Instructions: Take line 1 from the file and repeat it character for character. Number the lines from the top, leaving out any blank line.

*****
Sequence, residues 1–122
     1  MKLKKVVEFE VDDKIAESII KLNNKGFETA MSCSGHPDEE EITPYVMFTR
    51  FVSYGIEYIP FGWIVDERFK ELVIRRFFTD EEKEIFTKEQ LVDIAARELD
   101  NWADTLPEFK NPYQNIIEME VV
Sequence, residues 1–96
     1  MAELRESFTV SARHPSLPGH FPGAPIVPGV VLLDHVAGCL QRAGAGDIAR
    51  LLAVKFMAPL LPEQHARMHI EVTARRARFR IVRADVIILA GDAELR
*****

Sequence, residues 1–122